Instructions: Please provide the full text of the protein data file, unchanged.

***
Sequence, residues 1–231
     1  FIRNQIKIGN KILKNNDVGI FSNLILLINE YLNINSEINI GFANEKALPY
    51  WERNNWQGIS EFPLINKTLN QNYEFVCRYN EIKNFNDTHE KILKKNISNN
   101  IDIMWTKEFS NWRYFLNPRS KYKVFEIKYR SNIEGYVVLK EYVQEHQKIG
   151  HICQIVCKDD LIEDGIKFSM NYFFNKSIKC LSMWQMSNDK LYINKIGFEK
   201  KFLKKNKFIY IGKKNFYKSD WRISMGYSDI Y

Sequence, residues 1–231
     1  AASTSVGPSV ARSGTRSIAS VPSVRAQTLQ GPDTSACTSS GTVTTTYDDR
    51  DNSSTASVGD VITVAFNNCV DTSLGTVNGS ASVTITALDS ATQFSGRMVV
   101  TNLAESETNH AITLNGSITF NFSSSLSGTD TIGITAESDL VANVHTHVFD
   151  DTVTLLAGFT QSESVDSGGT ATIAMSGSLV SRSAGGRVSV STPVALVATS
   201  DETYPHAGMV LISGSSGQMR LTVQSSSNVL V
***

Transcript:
Sequence, residues 1–231
     1  FIRNQIKIGN KILKNNDVGI FSNLILLINE YLNINSEINI GFANEKALPY
    51  WERNNWQGIS EFPLINKTLN QNYEFVCRYN EIKNFNDTHE KILKKNISNN
   101  IDIMWTKEFS NWRYFLNPRS KYKVFEIKYR SNIEGYVVLK EYVQEHQKIG
   151  HICQIVCKDD LIEDGIKFSM NYFFNKSIKC LSMWQMSNDK LYINKIGFEK
   201  KFLKKNKFIY IGKKNFYKSD WRISMGYSDI Y

Sequence, residues 1–231
     1  AASTSVGPSV ARSGTRSIAS VPSVRAQTLQ GPDTSACTSS GTVTTTYDDR
    51  DNSSTASVGD VITVAFNNCV DTSLGTVNGS ASVTITALDS ATQFSGRMVV
   101  TNLAESETNH AITLNGSITF NFSSSLSGTD TIGITAESDL VANVHTHVFD
   151  DTVTLLAGFT QSESVDSGGT ATIAMSGSLV SRSAGGRVSV STPVALVATS
   201  DETYPHAGMV LISGSSGQMR LTVQSSSNVL V